Among the white indologists of the Abrahamosphere and their imitators this paradox is not recognized because they simply refuse to acknowledge the existence of precisely dateable astronomical references in the Veda. In its most extreme form they would take recourse to the “Hindus as idiots” hypothesis by means of which they would argue that early Indo-Aryans were simply incapable of any accurate astronomical observations along the lines of their Afro-Asiatic counterparts from West Asia. Among the Hindus, especially those who adhere to untenable time lines or the equally untenable “out of India theory”, this paradox has likewise been mostly brushed aside because: 1) either archaeological anchors do not matter at all; e.g. they are completely comfortable with a Mahābhārata or Rāmāyaṇa in the neolithic, leave alone the early Vedic corpus; 2) or they seek to situate their archaeology in early Harappan India and again explain away the lack of any archaeological correlates.
While, we had recognized this paradox for decades, we were earlier less concerned for there was always some wriggle-room due to the incompleteness of the archaeological record, just like the fossil record. However, in the past 2 years the genomic archaeology of steppe cultures of Eurasia is tightening the constraints greatly and making the wriggle-room smaller. Nevertheless, our intention here is not to delve at any depth on this paradox – we are simply acknowledging that it exists, that we lack a completely clear explanation and that we will hopefully have a clearer picture of how to resolve it in the next 5-10 years. In particular, it will concern the key question of whether the Sintashta-Andronovo continuum represents the Indo-Iranians enroute to their final lands in outer Asia or whether the branch that came to India was distinct from those archaeological cultures.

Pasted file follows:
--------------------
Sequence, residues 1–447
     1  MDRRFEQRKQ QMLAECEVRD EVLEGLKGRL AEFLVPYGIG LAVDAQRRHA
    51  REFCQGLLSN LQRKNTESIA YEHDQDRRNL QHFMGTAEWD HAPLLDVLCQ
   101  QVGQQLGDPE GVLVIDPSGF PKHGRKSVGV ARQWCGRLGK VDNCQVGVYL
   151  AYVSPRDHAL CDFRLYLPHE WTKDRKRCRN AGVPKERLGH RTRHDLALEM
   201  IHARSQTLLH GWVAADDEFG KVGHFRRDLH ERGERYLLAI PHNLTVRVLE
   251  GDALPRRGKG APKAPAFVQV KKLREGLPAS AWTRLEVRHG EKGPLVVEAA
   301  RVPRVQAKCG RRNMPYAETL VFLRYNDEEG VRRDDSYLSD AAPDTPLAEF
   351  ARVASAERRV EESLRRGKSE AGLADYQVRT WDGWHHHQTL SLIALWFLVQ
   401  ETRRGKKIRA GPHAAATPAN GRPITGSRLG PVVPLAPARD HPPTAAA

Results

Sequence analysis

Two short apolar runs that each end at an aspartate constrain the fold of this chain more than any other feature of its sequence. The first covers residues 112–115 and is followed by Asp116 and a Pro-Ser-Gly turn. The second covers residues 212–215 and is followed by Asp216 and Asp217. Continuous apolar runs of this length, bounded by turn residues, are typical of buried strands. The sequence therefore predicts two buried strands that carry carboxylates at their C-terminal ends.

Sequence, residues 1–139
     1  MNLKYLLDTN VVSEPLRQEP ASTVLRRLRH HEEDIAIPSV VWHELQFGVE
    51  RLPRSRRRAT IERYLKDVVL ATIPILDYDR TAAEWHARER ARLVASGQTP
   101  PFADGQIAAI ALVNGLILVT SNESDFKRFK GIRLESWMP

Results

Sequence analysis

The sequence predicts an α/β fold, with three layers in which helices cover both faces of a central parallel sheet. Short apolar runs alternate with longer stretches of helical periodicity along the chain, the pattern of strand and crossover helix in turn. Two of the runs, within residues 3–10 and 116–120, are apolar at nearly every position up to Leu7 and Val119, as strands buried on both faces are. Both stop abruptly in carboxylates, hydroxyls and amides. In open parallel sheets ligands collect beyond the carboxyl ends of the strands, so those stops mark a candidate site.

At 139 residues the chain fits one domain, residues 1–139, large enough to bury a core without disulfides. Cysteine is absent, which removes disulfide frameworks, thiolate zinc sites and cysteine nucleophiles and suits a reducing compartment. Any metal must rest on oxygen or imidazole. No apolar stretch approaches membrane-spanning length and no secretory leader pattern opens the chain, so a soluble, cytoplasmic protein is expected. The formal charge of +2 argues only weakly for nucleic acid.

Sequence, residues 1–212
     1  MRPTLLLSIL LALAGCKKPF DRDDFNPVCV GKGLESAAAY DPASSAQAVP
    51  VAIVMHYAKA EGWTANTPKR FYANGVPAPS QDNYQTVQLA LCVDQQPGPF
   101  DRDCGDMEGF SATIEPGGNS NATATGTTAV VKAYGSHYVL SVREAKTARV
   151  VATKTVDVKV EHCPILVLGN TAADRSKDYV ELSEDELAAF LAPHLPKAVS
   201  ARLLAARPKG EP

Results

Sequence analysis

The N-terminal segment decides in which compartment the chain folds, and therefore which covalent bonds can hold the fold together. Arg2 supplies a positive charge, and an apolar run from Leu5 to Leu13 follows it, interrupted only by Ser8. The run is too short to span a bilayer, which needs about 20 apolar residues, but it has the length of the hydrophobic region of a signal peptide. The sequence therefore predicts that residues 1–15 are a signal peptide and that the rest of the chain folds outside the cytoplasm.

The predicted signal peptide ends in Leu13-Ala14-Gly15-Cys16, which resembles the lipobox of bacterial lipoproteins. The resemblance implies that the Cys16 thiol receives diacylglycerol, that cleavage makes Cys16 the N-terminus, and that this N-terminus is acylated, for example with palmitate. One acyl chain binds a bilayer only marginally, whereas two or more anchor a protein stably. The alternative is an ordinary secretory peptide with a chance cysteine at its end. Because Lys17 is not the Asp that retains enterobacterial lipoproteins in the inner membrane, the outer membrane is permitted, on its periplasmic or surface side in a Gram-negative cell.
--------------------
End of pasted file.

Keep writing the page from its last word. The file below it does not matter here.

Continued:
But before we go into the astronomical motifs we shall begin with a relative straight-forward translation of the sūkta.
anaḍvān dādhāra pṛthivīm uta dyām anaḍvān dādhārorv antarikṣam |
anaḍvān dādhāra pradiśaḥ ṣaḍ urvīr anaḍvān viśvaṃ bhuvanam ā viveśa ||1||
The bovine holds up the earth and heaven, the bovine holds up the wide atmosphere. The bovine holds up the six (four + zenith and nadir) wide directions, the bovine has entered the entire universe.
anaḍvān indraḥ sa paśubhyo vi caṣṭe trayāṃ chakro vi mimīte adhvanaḥ |
bhūtaṃ bhaviṣyad bhuvanā duhānaḥ sarvā devānām carati vratāni ||2||
The bovine is Indra, he looks out for cattle, Śakra measures out the triple circles (or circular paths); extracting (literally milking out) the past, the future and the present, he undertakes all the laws of the gods. (trayāṃ chakro instead of trayāñ chakro is a saṃdhi shared with Paippalāda)